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dc.contributor.authorCarruthers, Stephen James Stiūbhart
dc.date.accessioned2016-05-10T21:41:39Z
dc.date.available2016-05-10T21:41:39Z
dc.date.issued2015
dc.identifier.urihttp://hdl.handle.net/10179/7760
dc.description.abstractIt is over a century since World War One impacted on the lives of those who taught at or attended both Otago High School and Waitaki Boys’ High School. The war lasted from1914- 1918, yet for many of those who participated their schooling occurred before the declaration of hostilities. It is mainly this pre-war period that this thesis will concentrate on. This thesis examines how Otago High School and Waitaki Boys’ High School encouraged their students to lead lives that were based in duty and service. It focuses on the period 1890 through until the early 1920s and looks at how both schools approached the issue of student development for life beyond the classroom. They did this by using local and international events, especially those that were Empire and nationally focused, to encourage their students to lead dutiful lives. Students were taken on excursions to visit public shows of loyalty or, in some cases, teacher-led discussions guided students towards adopting values that fitted into societal expectations. The promotion of sport was another method used to encourage students to lead a dutiful life and, along with military training, it gave a practical application to the concepts of duty and service. As World War One unfolded both schools used this event to encourage their current and former students to ’do their bit’. It is at this point that the thesis examines five former students of Otago High School and Waitaki Boys’ High School and determines that there was some influence from their former school on the decision to enlist. In the main this was as a result of the schooling these Old Boys had received. The study of how schools influenced their students over the period of this thesis is an area seldom trod by historians. This thesis highlights the need to explore this area further, because war is not just about generals and army’s, it is also about communities, values and beliefs.en_US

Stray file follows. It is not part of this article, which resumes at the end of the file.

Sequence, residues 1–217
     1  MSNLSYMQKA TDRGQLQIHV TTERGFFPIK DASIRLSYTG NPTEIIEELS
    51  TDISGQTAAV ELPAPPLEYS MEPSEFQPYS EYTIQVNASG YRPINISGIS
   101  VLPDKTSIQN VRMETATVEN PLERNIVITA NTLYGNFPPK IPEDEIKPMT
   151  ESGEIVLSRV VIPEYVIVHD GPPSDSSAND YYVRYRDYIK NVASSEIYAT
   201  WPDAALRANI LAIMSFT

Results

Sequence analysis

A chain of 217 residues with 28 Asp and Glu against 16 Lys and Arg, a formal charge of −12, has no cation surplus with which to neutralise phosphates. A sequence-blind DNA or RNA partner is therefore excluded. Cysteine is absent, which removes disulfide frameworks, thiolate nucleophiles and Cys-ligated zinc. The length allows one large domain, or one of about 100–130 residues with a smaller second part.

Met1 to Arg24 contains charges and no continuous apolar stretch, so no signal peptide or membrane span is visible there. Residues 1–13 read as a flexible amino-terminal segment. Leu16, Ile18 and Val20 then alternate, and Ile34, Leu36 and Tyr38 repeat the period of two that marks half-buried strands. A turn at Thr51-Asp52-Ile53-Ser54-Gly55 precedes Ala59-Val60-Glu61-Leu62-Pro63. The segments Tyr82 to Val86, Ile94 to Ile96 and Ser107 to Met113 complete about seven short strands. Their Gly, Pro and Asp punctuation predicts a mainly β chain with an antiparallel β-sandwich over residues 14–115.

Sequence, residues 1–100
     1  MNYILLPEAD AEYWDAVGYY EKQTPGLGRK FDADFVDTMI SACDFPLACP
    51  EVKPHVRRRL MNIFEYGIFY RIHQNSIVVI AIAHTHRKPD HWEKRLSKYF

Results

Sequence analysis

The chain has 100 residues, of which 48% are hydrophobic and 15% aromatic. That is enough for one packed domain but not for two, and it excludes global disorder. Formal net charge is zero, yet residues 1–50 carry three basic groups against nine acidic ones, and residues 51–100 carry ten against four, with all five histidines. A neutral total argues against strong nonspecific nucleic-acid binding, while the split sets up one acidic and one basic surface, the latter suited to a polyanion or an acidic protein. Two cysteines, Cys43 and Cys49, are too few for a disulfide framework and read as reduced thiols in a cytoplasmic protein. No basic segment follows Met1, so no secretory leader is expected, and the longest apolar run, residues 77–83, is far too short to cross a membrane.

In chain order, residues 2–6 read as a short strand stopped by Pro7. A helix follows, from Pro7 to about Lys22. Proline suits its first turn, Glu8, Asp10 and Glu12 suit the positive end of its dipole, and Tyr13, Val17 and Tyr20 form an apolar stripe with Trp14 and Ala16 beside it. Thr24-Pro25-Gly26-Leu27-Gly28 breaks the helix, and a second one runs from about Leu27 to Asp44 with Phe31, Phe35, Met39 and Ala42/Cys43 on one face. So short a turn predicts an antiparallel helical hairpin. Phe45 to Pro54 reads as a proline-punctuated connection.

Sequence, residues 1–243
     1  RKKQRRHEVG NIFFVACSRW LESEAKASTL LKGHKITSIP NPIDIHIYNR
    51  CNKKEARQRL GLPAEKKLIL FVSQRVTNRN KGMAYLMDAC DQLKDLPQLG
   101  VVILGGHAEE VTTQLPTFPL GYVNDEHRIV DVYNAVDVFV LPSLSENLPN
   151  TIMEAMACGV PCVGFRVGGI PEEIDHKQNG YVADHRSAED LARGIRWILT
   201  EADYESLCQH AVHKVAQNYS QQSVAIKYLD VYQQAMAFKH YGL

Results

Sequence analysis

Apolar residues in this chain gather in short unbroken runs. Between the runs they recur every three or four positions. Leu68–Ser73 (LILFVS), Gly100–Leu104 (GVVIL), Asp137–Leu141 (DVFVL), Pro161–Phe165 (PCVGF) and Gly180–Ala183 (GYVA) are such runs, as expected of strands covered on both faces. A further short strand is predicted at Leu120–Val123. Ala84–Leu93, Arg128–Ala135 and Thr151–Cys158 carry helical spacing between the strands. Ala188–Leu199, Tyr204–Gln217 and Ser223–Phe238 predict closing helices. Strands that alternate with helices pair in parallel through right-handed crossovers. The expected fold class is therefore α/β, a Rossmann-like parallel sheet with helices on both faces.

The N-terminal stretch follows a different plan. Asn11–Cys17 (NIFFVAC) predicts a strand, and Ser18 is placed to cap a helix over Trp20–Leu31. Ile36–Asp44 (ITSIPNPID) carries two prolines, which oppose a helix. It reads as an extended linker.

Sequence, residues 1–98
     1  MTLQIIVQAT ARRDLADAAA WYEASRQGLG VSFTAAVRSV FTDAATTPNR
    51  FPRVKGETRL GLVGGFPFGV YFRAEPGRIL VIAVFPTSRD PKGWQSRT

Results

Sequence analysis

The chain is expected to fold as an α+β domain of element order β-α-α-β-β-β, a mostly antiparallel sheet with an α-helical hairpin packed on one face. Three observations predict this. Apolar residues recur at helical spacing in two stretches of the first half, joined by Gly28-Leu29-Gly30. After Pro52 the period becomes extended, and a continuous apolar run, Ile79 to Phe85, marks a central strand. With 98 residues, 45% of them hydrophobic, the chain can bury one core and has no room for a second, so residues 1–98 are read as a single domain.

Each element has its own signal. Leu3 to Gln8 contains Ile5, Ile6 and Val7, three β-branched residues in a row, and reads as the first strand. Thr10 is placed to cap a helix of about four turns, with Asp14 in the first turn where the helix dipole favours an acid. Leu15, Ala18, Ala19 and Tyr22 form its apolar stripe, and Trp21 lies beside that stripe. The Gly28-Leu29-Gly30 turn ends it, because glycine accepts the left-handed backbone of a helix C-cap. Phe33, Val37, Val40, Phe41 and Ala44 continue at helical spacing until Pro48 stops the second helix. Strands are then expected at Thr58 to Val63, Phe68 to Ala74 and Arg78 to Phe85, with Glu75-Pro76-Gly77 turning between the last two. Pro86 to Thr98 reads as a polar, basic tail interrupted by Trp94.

dc.language.isoenen_US
dc.publisherMassey Universityen_US
dc.rightsThe Authoren_US
dc.subjectNew Zealand Armed Forcesen_US
dc.subjectRecruiting, enlistment, etcen_US
dc.subjectHistoryen_US
dc.subjectHigh schoolsen_US
dc.subjectSocial aspectsen_US
dc.subjectBoysen_US
dc.subjectEducation (Secondary)en_US
dc.subjectWorld War, 1914-1918en_US
dc.subjectWorld War Oneen_US
dc.subjectSocial aspectsen_US
dc.subjectNew Zealanden_US
dc.titleDuty to serve?: the role of secondary schools in preparing New Zealand soldiers for enlistment in the First World War : a thesis presented in partial fulfilment of the requirements for the degree of Master of Arts (Defence Studies) at Massey University, Palmerston North, New Zealanden_US
dc.typeThesisen_US
thesis.degree.disciplineDefence Studiesen_US
thesis.degree.grantorMassey Universityen_US
thesis.degree.levelMastersen_US
thesis.degree.nameMaster of Arts (M.A.)en_US


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